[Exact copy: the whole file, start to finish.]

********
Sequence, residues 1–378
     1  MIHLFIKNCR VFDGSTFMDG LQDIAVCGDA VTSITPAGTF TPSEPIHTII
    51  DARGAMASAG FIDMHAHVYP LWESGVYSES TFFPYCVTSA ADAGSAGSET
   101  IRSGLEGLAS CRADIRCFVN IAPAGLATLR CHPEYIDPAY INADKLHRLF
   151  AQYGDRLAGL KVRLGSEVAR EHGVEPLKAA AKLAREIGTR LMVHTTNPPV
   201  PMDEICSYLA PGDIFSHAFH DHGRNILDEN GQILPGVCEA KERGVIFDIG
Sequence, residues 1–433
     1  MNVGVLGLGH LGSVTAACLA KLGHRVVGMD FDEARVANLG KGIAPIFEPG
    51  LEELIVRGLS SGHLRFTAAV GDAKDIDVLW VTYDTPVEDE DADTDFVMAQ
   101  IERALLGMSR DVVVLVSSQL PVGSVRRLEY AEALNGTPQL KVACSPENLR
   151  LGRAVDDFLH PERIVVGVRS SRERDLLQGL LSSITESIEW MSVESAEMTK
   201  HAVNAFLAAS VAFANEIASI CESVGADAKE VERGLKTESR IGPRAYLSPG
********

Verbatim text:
Sequence, residues 1–378
     1  MIHLFIKNCR VFDGSTFMDG LQDIAVCGDA VTSITPAGTF TPSEPIHTII
    51  DARGAMASAG FIDMHAHVYP LWESGVYSES TFFPYCVTSA ADAGSAGSET
   101  IRSGLEGLAS CRADIRCFVN IAPAGLATLR CHPEYIDPAY INADKLHRLF
   151  AQYGDRLAGL KVRLGSEVAR EHGVEPLKAA AKLAREIGTR LMVHTTNPPV
   201  PMDEICSYLA PGDIFSHAFH DHGRNILDEN GQILPGVCEA KERGVIFDIG
Sequence, residues 1–433
     1  MNVGVLGLGH LGSVTAACLA KLGHRVVGMD FDEARVANLG KGIAPIFEPG
    51  LEELIVRGLS SGHLRFTAAV GDAKDIDVLW VTYDTPVEDE DADTDFVMAQ
   101  IERALLGMSR DVVVLVSSQL PVGSVRRLEY AEALNGTPQL KVACSPENLR
   151  LGRAVDDFLH PERIVVGVRS SRERDLLQGL LSSITESIEW MSVESAEMTK
   201  HAVNAFLAAS VAFANEIASI CESVGADAKE VERGLKTESR IGPRAYLSPG